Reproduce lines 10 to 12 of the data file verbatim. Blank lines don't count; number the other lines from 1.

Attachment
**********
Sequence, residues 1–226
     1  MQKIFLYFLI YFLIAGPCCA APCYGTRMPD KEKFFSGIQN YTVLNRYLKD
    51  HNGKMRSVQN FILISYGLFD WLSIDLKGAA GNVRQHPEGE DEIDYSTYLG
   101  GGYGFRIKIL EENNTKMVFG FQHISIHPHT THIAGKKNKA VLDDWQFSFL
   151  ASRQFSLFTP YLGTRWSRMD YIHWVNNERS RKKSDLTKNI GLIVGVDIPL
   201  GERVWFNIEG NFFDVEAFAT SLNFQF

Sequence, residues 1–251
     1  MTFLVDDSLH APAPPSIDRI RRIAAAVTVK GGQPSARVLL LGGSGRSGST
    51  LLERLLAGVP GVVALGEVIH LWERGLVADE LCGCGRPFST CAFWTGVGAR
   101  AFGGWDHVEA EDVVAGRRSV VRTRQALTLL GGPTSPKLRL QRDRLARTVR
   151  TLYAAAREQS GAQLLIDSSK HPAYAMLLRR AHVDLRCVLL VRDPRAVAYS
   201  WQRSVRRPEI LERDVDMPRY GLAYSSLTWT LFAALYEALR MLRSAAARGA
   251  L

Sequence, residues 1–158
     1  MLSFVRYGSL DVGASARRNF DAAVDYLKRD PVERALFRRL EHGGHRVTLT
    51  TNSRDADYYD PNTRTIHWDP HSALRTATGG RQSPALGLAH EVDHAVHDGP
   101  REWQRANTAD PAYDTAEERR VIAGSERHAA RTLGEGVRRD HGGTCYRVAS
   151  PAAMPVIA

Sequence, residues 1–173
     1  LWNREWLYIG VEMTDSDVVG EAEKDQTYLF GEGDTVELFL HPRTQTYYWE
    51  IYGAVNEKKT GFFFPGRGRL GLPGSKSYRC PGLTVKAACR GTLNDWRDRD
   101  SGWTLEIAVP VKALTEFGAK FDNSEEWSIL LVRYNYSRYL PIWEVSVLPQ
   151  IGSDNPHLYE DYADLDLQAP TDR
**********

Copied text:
   101  AFGGWDHVEA EDVVAGRRSV VRTRQALTLL GGPTSPKLRL QRDRLARTVR
   151  TLYAAAREQS GAQLLIDSSK HPAYAMLLRR AHVDLRCVLL VRDPRAVAYS
   201  WQRSVRRPEI LERDVDMPRY GLAYSSLTWT LFAALYEALR MLRSAAARGA